The sales engineer consultant for Greentronics is paving a path to his ultimate goal with the RiteTrace system. In development since 2012 and launched in 2015, the fully automated system is helping farmers track and trace root crops that are transported and stored in bulk.

Utilizing scanners, transponders and sensors in conjunction with a harvester’s GPS and a Windows-based data viewing program, RiteTrace tracks harvests from field to storage. The system also provides location data on produce in storage.

Data is recorded at three points in the process — at the harvester during loading, at the receiving station and from the piler.

In the field a transponder on each truck receives an ID from a scanner in the harvester. Data transmitted includes GPS points from start to end for each load, date/time, field ID and crop name. If needed, loads can be flagged to be checked at the receiving station.

At the station, a monitor reads the data from the truck’s transponder. An additional monitor on the piler records the precise position of the unloading point by continuously measuring and recording data from five sensors mounted at various points on the piler.

The result is a data package with color-coded 2D bin and field maps matched to each load’s identification number.

Farmers are using the system to quickly track problems in storage back to the field to determine root causes of problems.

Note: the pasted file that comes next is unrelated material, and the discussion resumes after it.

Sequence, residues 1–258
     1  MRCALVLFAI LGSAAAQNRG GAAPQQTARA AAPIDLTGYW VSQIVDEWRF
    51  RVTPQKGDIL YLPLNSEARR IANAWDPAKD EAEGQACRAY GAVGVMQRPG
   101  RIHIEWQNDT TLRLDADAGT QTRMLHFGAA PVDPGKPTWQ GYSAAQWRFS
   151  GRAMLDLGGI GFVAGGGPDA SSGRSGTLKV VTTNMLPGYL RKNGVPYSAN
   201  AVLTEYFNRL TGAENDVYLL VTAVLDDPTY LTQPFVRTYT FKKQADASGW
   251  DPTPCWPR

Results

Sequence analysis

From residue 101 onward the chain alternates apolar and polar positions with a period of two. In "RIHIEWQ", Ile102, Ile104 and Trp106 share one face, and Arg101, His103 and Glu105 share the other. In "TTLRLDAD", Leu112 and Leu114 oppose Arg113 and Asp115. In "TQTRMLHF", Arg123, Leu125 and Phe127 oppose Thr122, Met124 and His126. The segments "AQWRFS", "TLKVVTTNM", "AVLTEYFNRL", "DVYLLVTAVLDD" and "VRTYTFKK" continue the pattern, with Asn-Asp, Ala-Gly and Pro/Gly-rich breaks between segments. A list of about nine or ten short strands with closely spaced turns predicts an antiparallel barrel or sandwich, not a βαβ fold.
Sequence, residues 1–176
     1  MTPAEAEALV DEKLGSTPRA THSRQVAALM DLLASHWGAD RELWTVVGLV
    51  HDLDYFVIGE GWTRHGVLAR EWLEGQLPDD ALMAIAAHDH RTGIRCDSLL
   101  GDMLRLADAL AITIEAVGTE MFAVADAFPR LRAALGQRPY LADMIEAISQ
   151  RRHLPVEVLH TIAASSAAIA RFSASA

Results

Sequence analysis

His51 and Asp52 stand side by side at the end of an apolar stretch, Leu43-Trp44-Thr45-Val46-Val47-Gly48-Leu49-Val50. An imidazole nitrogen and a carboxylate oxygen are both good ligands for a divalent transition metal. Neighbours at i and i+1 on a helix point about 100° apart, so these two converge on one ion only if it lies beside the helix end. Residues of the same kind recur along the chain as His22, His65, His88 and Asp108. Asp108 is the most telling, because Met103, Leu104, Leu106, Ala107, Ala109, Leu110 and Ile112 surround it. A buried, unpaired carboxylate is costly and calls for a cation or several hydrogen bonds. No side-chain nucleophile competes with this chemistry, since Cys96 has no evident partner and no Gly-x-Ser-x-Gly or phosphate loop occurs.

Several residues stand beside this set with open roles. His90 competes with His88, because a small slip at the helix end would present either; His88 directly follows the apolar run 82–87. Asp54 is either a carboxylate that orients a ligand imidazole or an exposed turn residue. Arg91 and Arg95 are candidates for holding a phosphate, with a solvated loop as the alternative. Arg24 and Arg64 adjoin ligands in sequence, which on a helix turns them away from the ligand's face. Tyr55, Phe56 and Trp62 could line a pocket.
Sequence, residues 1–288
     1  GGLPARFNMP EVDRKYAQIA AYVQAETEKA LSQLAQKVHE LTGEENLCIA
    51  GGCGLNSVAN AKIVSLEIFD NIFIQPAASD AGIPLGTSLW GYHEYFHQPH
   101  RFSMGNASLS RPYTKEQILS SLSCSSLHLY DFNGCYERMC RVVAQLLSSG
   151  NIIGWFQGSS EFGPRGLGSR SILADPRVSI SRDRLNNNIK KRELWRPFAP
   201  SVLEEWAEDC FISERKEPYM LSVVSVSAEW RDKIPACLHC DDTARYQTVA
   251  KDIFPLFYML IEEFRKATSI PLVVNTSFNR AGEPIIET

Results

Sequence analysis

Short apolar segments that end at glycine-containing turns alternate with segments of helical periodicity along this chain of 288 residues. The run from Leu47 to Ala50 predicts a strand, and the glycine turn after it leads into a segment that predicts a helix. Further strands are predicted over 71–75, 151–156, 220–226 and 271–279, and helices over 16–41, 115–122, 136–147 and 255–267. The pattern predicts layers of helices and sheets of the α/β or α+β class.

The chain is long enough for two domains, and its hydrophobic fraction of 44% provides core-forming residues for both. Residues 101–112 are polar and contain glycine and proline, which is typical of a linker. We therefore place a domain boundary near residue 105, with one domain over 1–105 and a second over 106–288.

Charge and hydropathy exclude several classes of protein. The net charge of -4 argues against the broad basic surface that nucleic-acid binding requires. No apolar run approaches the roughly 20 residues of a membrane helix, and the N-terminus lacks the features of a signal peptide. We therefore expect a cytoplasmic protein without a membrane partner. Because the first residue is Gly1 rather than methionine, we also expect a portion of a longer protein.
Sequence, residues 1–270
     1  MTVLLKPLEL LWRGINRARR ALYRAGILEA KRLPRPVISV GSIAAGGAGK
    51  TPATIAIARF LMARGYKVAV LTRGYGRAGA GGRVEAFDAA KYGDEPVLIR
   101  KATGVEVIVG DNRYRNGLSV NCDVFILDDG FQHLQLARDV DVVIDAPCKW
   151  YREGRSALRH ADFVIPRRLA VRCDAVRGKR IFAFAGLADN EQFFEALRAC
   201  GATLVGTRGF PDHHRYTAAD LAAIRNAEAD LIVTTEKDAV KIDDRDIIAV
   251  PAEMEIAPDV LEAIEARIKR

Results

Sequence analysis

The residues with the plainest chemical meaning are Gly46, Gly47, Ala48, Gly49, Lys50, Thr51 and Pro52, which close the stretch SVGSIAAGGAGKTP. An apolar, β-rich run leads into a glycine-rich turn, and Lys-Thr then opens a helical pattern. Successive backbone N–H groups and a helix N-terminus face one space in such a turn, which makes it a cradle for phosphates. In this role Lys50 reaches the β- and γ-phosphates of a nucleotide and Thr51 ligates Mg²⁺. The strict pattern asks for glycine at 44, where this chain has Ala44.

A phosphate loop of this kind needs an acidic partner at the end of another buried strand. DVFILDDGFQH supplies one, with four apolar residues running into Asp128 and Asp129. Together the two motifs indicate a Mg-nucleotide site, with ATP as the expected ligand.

A recent example was an Idaho farmer who needed to determine if a problem in storage was due to heat or something else. By tracking back, it was discovered pink rot on a select few loads was the problem, not the heat or bruising, Bishop said.

The accuracy and transparency of the system allows farmers to deal with issues brought up by contractors. The ability to pinpoint how and where something like glass or shotgun pellets got into a load and inform the contractor which load or loads will be affected, can prevent the loss of a million-dollar contract.

In addition, farmers can use the data to link productivity in the field with the quality of produce in storage.

The system also relieves farmers from the task of collecting tracking information for the Food Safety Modernization Act on paper in the field.

Bishop said it can take as long as six weeks for farmers to input information into a computer from a harvest by hand. RiteTrace eliminates hours of work, providing a detailed spreadsheet almost immediately.

The FSMA mandates that any product found defective enough to trigger an audit, must be able to be traced quickly and RiteTrace helps farmers meet that mandate efficiently and accurately.

The system could eventually be used to provide tracking information to consumers at points of sale, bringing Bishop’s goal within sight.

For more information on RiteTrace, go online to Greentronics.com. Bishop can be reached at bishtecsolutions@gmail.com or at www.bishtec.com.

Photojournalist Linda Phillips has 25 years experience as a journalist, photographer, copy editor and graphic designer. To contact her, email Farm & Ranch Managing Editor Bill Bradshaw at freditor@postregister.com.

Photojournalist Linda Phillips has 25 years experience as a journalist, photographer, copy editor and graphic designer. To contact her, email Farm & Ranch Managing Editor Bill Bradshaw at freditor@post register.com.